PowerSports Business

March 13, 2017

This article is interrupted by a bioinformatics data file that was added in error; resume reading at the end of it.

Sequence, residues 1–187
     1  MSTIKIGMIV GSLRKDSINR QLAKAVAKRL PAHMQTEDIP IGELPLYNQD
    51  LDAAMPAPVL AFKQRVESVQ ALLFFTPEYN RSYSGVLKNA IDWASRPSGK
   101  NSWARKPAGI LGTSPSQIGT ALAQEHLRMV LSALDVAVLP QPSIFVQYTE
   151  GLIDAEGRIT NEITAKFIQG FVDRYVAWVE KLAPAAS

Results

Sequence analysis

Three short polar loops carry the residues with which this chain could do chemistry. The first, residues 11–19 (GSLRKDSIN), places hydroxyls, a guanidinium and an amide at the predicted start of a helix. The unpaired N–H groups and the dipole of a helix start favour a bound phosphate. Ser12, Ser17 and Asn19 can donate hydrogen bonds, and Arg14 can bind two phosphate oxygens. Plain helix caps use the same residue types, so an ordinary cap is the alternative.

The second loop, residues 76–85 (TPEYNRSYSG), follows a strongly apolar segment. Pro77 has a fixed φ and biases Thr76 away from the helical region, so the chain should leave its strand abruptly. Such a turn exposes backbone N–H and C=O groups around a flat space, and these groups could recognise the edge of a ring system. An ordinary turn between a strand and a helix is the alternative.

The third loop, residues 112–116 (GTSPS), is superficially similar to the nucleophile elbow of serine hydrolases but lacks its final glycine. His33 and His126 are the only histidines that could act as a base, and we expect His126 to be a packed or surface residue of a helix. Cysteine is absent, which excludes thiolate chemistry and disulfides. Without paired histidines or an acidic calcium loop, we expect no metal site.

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dealers receive from PSB, forecasts that the total side-by-side market will be up 6 percent this year. Utility side-by-sides, specifically, are also expected to grow 6 percent, while recreational/ utility side-by-sides are projected to be up 3.5 percent. Johnson forecasts that trail-ready side-by-sides will grow 2.5 percent, while the sport segment is estimated to grow 12 per- cent, mostly due to the Polaris RZR recall that affected sales in 2016. Johnson pointed specifically to farmers when looking at 2017. According to data he has analyzed from the Association of Equipment Manufacturers, farmers began purchasing more under-40 hp equipment at the end of 2015, and sales of under-100 hp equipment grew in 2016. "These farmers are finally starting to dip their toe back in the water and starting to replacing some things, starting with the cheaper stuff first — your under 100 hp trac- tors, your side-by-sides and things like that. So I'm anticipating that demand comes back in the fall for the farm market, which, again, is a huge consumer of these," Johnson told Powersports Business. Though the gas and oil industry, another large consumer of UTVs, isn't performing well right now, side-by-sides are still moving well in other segments. "It's always going to be important. You're never going to get rid of the farm. You're never going to get rid of parks and municipalities that need these, landscapers and all the work/utility purposes that it serves that are needed that are never going to go away," Johnson said. "In fact, in some ways, you can probably consider it a little more defensive because they need to be replaced because these are needed machines, as opposed to on the recreation side, those are wants. People want to run around sand dunes and muddy trails; they don't need to do it. But the guy on a farm needs to do his job. The parks department needs to clean up their trash or whatever they use them for." Johnson said that while sport side-by-sides showcase the capability of the manufacturers, the utility segment is the one that sells most vehicles and has become the most profitable for the industry. "The real meat and potatoes of this market is the utility part, especially with the high attach- rate on parts and accessories. The total gross profit dollars that can go to both a dealer and a manufacturer on utility is probably higher than anything else on the market, except for Harley- Davidson motorcycles," he said. The OEM and aftermarket suppliers inter- viewed are all excited for the growth in this segment and the potential to continue reaching new audiences with side-by-sides. "It's continuing to grow, and in my opinion, it's extremely positive," Andreae said. "As more OEMs enter each of the segments, there's more opportunity for accessorizing and taking care of the consumer's needs. In each segment, really, they have more to choose from than ever before on the UTV side." PSB UTILITY UTV CONTINUED FROM PAGE 16 Yamaha introduced the Viking for the 2014 model year, replacing its longstanding Rhino in its utility side-by-side class. Can-Am introduced the Defender, its first utility-focused side-by-side, for the 2016 model year. Hunters and outdoorsmen are a big con- sumer group for utility UTVs. www.PowersportsBusiness.com

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